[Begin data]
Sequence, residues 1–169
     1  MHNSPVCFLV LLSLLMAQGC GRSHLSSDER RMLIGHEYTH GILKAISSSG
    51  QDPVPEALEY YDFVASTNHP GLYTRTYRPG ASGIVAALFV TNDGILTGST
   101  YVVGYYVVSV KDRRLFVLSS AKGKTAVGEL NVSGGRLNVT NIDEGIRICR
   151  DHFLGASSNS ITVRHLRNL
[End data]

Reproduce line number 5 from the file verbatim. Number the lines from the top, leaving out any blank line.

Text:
   151  DHFLGASSNS ITVRHLRNL